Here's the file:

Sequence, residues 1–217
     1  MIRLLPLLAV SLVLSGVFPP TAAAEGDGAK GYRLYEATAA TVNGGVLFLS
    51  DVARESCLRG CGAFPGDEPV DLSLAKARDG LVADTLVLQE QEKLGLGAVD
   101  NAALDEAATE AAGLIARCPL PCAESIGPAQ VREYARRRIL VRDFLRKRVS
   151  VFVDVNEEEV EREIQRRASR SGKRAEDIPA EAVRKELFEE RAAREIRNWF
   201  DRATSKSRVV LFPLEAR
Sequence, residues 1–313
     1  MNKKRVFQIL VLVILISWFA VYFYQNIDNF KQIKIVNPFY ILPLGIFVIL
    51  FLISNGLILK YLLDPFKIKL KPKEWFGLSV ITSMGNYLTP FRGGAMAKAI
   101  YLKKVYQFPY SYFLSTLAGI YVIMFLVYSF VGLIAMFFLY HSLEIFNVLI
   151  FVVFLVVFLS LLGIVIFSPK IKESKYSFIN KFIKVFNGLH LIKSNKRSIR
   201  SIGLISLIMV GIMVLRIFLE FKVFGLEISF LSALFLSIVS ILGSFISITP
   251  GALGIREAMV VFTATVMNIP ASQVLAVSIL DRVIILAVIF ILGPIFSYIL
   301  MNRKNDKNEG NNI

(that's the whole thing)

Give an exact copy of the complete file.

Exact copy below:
Sequence, residues 1–217
     1  MIRLLPLLAV SLVLSGVFPP TAAAEGDGAK GYRLYEATAA TVNGGVLFLS
    51  DVARESCLRG CGAFPGDEPV DLSLAKARDG LVADTLVLQE QEKLGLGAVD
   101  NAALDEAATE AAGLIARCPL PCAESIGPAQ VREYARRRIL VRDFLRKRVS
   151  VFVDVNEEEV EREIQRRASR SGKRAEDIPA EAVRKELFEE RAAREIRNWF
   201  DRATSKSRVV LFPLEAR
Sequence, residues 1–313
     1  MNKKRVFQIL VLVILISWFA VYFYQNIDNF KQIKIVNPFY ILPLGIFVIL
    51  FLISNGLILK YLLDPFKIKL KPKEWFGLSV ITSMGNYLTP FRGGAMAKAI
   101  YLKKVYQFPY SYFLSTLAGI YVIMFLVYSF VGLIAMFFLY HSLEIFNVLI
   151  FVVFLVVFLS LLGIVIFSPK IKESKYSFIN KFIKVFNGLH LIKSNKRSIR
   201  SIGLISLIMV GIMVLRIFLE FKVFGLEISF LSALFLSIVS ILGSFISITP
   251  GALGIREAMV VFTATVMNIP ASQVLAVSIL DRVIILAVIF ILGPIFSYIL
   301  MNRKNDKNEG NNI